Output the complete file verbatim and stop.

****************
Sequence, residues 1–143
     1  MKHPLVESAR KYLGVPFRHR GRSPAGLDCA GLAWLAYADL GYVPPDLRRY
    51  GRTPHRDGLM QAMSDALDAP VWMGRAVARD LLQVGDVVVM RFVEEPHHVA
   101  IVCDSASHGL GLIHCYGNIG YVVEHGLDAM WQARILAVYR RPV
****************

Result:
Sequence, residues 1–143
     1  MKHPLVESAR KYLGVPFRHR GRSPAGLDCA GLAWLAYADL GYVPPDLRRY
    51  GRTPHRDGLM QAMSDALDAP VWMGRAVARD LLQVGDVVVM RFVEEPHHVA
   101  IVCDSASHGL GLIHCYGNIG YVVEHGLDAM WQARILAVYR RPV